skip navigation

PUBLICATIONS

Register for Latest Research

Stay Informed
Register with NCJRS to receive NCJRS's biweekly e-newsletter JUSTINFO and additional periodic emails from NCJRS and the NCJRS federal sponsors that highlight the latest research published or sponsored by the Office of Justice Programs.

NCJRS Abstract

The document referenced below is part of the NCJRS Virtual Library collection. To conduct further searches of the collection, visit the Virtual Library. See the Obtain Documents page for direction on how to access resources online, via mail, through interlibrary loans, or in a local library.

 

NCJ Number: 203584 Find in a Library
Title: Justification for Punishing Crimes Against the Elderly: Perceptions of Police Chiefs, Nursing Home Professionals, and Students
Journal: Journal of Offender Rehabilitation  Volume:38  Issue:1  Dated:2003  Pages:33-51
Author(s): Brian K. Payne
Date Published: 2003
Page Count: 19
Publisher: http://www.HaworthPress.com 
Type: Report (Study/Research)
Format: Article
Language: English
Country: United States of America
Annotation: This study assessed how different groups of professionals justify reasons for punishing those who abuse elders.
Abstract: The problem of elder abuse began to gain widespread recognition in the mid-1970’s, while policymakers began grappling with the problem in the 1980’s. While some research has focused on this problem, scant research has focused on how such cases are handled by the criminal justice system. In order to assess how various professionals justify punishment for those who abuse elders, survey questionnaires were mailed to police chiefs and nursing home professionals. Surveys were also administered to students in criminal justice and sociology courses. The surveys collected demographic information and contained Likert-type statements about elder abuse; a section with six crime scenarios in which respondents were asked to choose appropriate sanctions and provide a justification for the sanction; and questions regarding definitions of elder abuse. Justifications for punishments included the typical punishment justifications of general deterrence, specific deterrence, rehabilitation, retribution, incapacitation, and victim satisfaction. Respondents returning completed surveys included 68 police chiefs, 54 nursing home directors, 132 nursing home employees, and 127 students. Results of statistical analyses indicate that police chiefs and students had more punitive attitudes toward those who abused elders, while nursing home professionals had a more rehabilitative stance toward these types of offenders. The findings support the need for a more collaborative approach to the problem of elder abuse on the part of law enforcement and nursing home professionals. Future research should consider the role of the police and other criminal justice professionals in responding to elder abuse. Tables, references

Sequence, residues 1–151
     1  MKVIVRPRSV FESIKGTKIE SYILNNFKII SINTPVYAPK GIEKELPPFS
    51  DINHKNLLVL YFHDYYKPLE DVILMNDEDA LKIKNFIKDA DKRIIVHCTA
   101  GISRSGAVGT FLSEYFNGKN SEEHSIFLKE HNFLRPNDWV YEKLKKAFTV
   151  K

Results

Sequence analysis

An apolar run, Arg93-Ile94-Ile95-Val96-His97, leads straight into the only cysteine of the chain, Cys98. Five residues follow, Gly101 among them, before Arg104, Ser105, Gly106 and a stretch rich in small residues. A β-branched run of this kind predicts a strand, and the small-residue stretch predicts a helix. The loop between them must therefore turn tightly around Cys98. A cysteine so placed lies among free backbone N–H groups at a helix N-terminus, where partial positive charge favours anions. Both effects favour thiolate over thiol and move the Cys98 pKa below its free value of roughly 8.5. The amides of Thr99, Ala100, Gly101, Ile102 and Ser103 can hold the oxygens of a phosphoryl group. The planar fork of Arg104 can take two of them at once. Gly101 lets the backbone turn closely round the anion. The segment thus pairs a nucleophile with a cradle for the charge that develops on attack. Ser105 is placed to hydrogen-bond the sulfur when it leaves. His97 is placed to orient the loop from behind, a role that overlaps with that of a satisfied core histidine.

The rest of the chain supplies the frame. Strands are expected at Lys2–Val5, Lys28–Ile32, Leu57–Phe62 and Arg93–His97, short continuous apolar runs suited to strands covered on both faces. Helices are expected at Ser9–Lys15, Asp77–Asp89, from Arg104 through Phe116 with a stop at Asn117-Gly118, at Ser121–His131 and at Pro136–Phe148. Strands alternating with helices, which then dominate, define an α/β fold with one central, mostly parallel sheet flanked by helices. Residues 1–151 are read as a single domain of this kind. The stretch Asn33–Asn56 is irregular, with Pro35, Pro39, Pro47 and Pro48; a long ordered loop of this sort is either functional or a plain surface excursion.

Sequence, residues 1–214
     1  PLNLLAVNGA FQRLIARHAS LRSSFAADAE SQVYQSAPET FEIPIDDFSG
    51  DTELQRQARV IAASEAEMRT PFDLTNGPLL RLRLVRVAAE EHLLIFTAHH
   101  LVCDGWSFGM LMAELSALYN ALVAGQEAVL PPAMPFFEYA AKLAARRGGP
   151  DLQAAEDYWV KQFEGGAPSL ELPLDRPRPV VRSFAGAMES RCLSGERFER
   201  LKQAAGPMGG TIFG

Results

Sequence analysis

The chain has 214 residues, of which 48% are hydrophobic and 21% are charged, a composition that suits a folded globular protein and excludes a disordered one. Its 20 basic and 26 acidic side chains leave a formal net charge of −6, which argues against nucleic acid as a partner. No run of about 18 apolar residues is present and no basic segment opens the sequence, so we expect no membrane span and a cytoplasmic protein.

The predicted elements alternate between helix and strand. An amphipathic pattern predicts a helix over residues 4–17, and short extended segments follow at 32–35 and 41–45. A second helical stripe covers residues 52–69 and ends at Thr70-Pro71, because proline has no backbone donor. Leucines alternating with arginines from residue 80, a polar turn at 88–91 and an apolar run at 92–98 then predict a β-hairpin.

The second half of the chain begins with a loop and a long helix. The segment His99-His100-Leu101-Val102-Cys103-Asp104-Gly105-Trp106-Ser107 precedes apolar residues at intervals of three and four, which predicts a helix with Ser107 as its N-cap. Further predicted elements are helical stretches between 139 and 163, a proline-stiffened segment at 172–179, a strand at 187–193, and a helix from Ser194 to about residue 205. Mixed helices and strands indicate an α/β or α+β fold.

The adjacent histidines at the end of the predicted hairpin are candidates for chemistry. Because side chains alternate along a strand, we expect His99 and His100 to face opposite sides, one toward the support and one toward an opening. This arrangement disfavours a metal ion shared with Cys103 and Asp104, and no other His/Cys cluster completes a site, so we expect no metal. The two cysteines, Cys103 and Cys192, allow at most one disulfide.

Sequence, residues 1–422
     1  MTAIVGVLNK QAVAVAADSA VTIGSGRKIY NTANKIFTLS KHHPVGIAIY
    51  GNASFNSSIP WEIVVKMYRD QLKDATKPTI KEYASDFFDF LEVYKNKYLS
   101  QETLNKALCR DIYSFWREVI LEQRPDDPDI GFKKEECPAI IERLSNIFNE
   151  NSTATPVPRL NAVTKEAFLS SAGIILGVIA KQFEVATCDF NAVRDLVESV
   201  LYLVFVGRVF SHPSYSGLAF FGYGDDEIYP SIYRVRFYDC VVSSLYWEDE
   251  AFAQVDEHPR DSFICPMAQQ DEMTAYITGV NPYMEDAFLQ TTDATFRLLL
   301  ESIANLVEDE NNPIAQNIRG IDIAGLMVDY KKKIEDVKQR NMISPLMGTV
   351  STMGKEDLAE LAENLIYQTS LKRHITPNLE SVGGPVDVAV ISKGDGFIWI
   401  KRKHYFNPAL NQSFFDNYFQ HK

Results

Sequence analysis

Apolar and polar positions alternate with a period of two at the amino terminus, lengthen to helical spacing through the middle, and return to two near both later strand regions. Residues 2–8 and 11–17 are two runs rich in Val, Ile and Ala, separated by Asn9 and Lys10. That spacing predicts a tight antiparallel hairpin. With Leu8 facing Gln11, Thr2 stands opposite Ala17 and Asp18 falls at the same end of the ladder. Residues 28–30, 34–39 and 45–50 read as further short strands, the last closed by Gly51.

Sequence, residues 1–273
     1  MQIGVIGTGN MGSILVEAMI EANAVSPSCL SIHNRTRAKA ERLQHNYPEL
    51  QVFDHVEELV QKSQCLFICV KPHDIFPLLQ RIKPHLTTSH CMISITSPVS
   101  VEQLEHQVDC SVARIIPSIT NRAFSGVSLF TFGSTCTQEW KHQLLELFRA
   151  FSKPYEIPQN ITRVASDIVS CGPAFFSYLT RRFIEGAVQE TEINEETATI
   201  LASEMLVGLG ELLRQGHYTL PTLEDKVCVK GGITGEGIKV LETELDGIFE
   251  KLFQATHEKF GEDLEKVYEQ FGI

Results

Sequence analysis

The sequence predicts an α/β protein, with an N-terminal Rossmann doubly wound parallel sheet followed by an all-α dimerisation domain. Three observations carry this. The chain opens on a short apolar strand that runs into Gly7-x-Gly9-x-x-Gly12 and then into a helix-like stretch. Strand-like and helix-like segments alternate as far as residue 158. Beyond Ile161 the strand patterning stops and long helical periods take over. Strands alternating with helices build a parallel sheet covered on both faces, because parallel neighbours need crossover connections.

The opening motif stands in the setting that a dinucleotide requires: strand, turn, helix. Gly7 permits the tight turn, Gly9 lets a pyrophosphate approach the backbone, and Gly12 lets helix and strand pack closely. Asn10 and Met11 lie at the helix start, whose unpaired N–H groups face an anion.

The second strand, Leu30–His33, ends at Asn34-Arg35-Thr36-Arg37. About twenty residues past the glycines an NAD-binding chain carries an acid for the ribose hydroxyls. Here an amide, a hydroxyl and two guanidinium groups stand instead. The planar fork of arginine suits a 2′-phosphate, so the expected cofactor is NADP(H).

Main Term(s): Elder Abuse; Punishment
Index Term(s): Public Opinion of Corrections; Public Opinion of Crime; Surveys
To cite this abstract, use the following link:
http://www.ncjrs.gov/App/publications/abstract.aspx?ID=203584

*A link to the full-text document is provided whenever possible. For documents not available online, a link to the publisher's website is provided. Tell us how you use the NCJRS Library and Abstracts Database - send us your feedback.